Fisherman's croc terror: “He was swimming quite fast"
A KEEN local recreational fisherman has told how a large crocodile chased him out of the water at Little Cove, which is just inside the mouth of Dickson Inlet, Port Douglas.
Luke Webb, who has lived in Port Douglas for 20 years, said the removal of a crocodile from Dickson Inlet by the Department of Environment and Heritage Protection the previous day had reassured him about taking a dip at the little beach at the tip of Rex Smeal Park.
"I was out about chest high when I saw a large croc swim around the corner from the Inlet, in the boat channel," Mr Webb said.
"He was swimming quite fast and when he saw me he turned and swam straight towards me.
"I made my way to the beach quickly but without splashing around because I didn't want him to charge.
"I ran up the bank and onto the grass and watched.
"He stopped and then moved a little further out and stayed beside some rocks.
"Every few minutes he'd come back up and take another look. Eventually he swam off to the south, toward Four Mile Beach.
"I rang EHP later and they put it down to mating season behavior. They said he was probably seeing me as a threat in his domain."
It was the second time in three days that Mr Webb had reported threatening crocodile behavior to EHP.
On the earlier occasion, he was fishing at the public pontoon on the inlet when a 2.5 metre croc appeared less than five metres away.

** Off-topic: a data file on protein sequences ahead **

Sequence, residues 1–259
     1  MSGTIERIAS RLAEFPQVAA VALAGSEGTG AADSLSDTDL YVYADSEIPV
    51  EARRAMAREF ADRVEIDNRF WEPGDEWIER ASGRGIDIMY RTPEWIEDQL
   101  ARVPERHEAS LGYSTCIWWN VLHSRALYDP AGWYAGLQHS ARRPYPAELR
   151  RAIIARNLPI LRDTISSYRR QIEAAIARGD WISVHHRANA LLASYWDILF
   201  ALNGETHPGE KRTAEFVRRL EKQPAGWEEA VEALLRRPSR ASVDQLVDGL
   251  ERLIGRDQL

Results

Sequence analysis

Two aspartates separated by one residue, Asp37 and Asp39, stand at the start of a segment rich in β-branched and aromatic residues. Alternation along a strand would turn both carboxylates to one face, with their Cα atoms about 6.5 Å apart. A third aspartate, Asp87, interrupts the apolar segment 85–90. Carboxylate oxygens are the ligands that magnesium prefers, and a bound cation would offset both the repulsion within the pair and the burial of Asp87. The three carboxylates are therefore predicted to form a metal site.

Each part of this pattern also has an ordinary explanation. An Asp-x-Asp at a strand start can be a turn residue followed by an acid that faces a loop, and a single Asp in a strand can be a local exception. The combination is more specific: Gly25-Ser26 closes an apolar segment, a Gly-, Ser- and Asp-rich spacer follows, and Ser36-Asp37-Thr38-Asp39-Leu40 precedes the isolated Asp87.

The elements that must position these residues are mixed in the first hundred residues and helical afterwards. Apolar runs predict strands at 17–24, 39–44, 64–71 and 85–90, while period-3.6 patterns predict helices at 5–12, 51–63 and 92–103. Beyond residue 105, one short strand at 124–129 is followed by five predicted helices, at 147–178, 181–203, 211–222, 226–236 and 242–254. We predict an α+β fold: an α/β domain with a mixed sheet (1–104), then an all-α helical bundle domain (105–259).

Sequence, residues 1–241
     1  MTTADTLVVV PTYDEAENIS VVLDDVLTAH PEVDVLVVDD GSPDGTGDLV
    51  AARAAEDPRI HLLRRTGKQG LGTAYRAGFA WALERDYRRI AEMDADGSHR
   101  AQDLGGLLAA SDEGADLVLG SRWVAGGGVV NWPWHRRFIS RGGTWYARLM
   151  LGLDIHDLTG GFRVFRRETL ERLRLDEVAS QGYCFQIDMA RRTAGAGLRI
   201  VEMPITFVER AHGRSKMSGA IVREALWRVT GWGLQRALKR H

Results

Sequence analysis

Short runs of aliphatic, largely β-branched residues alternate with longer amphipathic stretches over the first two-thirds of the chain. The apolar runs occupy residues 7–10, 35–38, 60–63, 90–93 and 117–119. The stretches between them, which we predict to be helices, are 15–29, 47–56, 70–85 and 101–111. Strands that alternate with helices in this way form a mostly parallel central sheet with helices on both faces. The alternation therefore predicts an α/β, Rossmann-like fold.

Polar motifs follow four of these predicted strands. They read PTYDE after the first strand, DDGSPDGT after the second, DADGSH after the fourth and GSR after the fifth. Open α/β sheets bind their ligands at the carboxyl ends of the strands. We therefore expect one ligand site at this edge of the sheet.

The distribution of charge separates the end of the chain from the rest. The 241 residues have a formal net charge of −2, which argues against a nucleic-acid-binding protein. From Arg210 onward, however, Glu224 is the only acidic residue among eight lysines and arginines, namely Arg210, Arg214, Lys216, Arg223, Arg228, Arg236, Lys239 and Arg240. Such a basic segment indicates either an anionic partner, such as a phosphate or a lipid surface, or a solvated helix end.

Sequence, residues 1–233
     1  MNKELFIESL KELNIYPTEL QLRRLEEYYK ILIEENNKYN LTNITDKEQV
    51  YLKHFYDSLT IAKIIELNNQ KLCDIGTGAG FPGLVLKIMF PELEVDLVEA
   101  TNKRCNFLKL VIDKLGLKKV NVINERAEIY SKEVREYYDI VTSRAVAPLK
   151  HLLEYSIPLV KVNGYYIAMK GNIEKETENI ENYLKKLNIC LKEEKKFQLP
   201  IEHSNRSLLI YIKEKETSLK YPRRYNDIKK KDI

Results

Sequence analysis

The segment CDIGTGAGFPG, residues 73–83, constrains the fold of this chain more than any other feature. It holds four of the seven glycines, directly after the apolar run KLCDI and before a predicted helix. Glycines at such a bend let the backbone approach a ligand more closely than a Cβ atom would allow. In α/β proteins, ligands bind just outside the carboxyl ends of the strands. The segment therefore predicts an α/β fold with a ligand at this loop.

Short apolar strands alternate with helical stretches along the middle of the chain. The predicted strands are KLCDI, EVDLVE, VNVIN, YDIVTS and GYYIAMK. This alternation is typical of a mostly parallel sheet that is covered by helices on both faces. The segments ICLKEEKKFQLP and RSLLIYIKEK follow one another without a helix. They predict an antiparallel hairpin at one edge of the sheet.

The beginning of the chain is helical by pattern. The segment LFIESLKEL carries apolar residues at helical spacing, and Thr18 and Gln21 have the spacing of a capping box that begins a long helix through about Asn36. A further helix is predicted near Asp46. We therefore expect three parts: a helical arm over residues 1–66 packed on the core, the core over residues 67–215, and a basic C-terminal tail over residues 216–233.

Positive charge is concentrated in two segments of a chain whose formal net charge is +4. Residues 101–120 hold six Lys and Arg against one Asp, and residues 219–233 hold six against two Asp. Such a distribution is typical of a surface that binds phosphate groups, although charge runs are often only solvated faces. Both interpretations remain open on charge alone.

"It was swimming past and I clearly saw its eye turn and fix on me," said Mr Webb.
"I could see the pupil of its eye change. It stared at me. The hair on my neck stood up and I decided to call the EHP."
Rangers came and interviewed him, and placed a trap in the Inlet near the pontoon.
The next day they caught a 2.5 metre crocodile and took it away.
The trap remained in the inlet and eventually became a media sensation when several men were photographed messing around with it.
The Gazette understands it had already become a social media favourite as tourists made a point of taking selfies from the pontoon with the trap in the background.
In fact it has been suggested that this unwanted attention may have inspired the interference with the trap in an effort to move it away.
Mr Webb said he was speaking out about his experience with crocodiles out of concern for the local tourism industry.
He stressed that concrete steps leading down to the inlet near the public pontoon were tempting children to descend to water level. He had seen this happen.
He also believes there needs to be more croc warning signs along the inlet, not least Little Cove where he had an experience he won't forget in a hurry.
A boatie living on the Inlet said he has a small dinghy and is fearful of moving to or from his boat at night.
He said crocs frequently menaced people in dinghies and tinnies. "One bloke said a croc raised itself up and took a good look at him."